Occurrence of Pharmaceuticals and Personal Care Products (PPCP) & Artificial Sweeteners (AS) in Surface Waters of Maryland's Chesapeake Bay Western Shore

dc.contributor.advisorFiloso, Solangeen_US
dc.contributor.advisorGonsior, Michaelen_US
dc.contributor.authorGibbs, Alexandra Marieen_US
dc.contributor.departmentMarine-Estuarine-Environmental Sciencesen_US
dc.contributor.publisherDigital Repository at the University of Marylanden_US
dc.contributor.publisherUniversity of Maryland (College Park, Md.)en_US
dc.description.abstractIn the United States, nutrient, personal care products (PPCP) and artificial sweeteners (AS) pollution in lakes, rivers, and estuaries is a problem that has been recognized for decades and is of special concern for many in coastal Maryland. PPCP are used on a daily basis, and include prescription analgesics, antibiotics, over-the-counter medications, fragrances, and cleansers. AS are synthetic sugar substitutes, ubiquitous in everyday food and drink, including soft drinks, baked food and dairy products. The widespread use of PPCP and AS by human populations results in their sustained contribution to surface waters via wastewater treatment. This study used 13 PPCP and 2 AS to describe their sources and temporospatial patterns in Maryland’s Western Shore. Sampling was conducted over three seasons in 2021 at 79 sites, including headwater streams, groundwater, and rivers feeding into the Chesapeake Bay. Sites were influenced by a mix of wastewater treatment plants (WWTP) and onsite wastewater treatment systems (OWTS). The detection frequency of the study compounds ranged from 2% to 100% in large catchments and 31% to 100% in headwater catchments. Six PPCP and AS were measurable at 80% or more of the sites, illustrating their ubiquitous presence throughout the study area. During the study, individual PPCP and AS concentrations were highly variable temporally, ranging from non-detectable to 6.58 μg/L. Major factors controlling concentrations were proximity to wastewater treatment, discharge and season. Four compounds—Ace-K, carbamazepine, sucralose and caffeine—were used as tracers to identify wastewater sources as they have distinct removal efficiencies during wastewater treatment and have anthropogenic origins. Caffeine to sucralose/Ace-K/carbamazepine ratios were used to identify discharges of untreated wastewater. Finally, PPCP and AS concentrations were explored in one headwater stream during storm events. Stormflow discharge was shown to impact the water quality of the receiving waters. The combination of discharge data, OWTS distribution data, an extensive suite of PPCP and AS and varied catchment types used in this thesis contributes to the understanding of human sourced wastewater pollution in coastal communities.en_US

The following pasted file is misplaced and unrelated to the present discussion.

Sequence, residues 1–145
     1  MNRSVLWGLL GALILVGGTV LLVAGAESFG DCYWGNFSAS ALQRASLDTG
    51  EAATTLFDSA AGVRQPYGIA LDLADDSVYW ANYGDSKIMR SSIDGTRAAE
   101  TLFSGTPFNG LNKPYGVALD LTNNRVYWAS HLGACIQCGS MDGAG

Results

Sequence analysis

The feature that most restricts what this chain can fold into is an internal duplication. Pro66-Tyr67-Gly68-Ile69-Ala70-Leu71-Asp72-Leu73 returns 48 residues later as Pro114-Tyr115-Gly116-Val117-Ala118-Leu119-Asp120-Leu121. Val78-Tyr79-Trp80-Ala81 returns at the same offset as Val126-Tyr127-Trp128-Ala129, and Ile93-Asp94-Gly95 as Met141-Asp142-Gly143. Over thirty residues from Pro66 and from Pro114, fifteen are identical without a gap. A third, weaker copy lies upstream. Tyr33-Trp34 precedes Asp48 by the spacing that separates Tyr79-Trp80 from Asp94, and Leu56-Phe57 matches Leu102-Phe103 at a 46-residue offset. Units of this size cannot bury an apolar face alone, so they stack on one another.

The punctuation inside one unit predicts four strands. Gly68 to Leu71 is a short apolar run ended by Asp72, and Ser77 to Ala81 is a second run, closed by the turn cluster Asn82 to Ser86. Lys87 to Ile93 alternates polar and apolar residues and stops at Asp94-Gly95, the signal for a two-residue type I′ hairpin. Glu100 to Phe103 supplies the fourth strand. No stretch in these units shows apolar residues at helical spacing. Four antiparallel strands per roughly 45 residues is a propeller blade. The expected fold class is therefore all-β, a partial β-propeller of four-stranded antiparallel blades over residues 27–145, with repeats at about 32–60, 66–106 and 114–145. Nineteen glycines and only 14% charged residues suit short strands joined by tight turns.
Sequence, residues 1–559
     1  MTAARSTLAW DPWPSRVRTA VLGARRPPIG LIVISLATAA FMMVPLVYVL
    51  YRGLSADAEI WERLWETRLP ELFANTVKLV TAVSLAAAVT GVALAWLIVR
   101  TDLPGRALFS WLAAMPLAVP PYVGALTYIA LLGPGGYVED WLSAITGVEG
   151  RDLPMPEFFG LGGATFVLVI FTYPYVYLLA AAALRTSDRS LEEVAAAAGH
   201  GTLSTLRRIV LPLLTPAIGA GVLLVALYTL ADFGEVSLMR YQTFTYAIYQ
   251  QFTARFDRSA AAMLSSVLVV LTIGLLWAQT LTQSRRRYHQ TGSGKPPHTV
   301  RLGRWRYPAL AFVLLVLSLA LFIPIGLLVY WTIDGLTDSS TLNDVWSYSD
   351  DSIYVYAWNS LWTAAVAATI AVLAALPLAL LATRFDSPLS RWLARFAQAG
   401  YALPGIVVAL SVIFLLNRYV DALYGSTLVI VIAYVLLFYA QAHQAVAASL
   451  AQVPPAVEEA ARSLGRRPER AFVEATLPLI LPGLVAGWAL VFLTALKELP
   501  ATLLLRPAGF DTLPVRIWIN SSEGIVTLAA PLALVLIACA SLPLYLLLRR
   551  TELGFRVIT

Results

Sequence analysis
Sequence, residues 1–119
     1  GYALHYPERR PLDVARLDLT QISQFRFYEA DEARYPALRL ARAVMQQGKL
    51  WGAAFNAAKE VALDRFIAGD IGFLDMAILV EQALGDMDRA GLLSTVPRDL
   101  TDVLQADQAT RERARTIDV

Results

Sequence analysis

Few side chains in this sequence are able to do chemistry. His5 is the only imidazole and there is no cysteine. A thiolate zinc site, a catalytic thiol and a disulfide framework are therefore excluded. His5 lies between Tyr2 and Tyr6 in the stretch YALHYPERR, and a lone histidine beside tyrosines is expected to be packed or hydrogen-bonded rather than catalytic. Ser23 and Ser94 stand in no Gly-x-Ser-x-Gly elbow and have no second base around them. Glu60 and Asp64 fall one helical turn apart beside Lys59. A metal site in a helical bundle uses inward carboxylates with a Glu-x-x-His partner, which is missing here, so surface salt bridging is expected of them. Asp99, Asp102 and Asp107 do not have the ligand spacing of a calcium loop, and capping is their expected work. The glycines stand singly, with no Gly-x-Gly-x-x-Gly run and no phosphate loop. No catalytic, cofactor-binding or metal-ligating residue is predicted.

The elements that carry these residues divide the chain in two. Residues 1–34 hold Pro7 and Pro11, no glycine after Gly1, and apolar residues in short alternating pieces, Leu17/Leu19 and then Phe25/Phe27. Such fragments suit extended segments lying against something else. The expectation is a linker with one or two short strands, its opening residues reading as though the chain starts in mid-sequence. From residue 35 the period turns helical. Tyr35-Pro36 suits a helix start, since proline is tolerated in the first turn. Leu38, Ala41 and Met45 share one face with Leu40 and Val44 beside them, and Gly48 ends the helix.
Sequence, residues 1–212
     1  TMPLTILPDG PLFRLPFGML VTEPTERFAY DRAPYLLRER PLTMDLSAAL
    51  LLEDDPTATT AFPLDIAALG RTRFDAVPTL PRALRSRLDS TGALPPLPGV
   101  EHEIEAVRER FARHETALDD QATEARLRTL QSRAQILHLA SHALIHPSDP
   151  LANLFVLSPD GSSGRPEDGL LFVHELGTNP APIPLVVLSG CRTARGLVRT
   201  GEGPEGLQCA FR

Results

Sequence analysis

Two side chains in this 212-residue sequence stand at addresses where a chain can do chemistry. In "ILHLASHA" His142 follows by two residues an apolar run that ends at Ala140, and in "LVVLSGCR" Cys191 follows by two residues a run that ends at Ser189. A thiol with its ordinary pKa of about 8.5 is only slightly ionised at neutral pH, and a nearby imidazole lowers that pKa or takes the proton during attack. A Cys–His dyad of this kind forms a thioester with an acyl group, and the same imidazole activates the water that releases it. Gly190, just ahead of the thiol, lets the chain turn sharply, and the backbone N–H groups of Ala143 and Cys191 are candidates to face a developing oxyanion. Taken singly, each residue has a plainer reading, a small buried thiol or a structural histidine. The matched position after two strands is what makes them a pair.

dc.subject.pqcontrolledEnvironmental scienceen_US
dc.subject.pquncontrolledArtificial sweetenersen_US
dc.subject.pquncontrolledEnvironmental Scienceen_US
dc.subject.pquncontrolledHeadwater Streamsen_US
dc.subject.pquncontrolledPharmaceutical and personal care productsen_US
dc.subject.pquncontrolledWater Chemistryen_US
dc.titleOccurrence of Pharmaceuticals and Personal Care Products (PPCP) & Artificial Sweeteners (AS) in Surface Waters of Maryland's Chesapeake Bay Western Shoreen_US


Original bundle
Now showing 1 - 1 of 1
Thumbnail Image
6.41 MB
Adobe Portable Document Format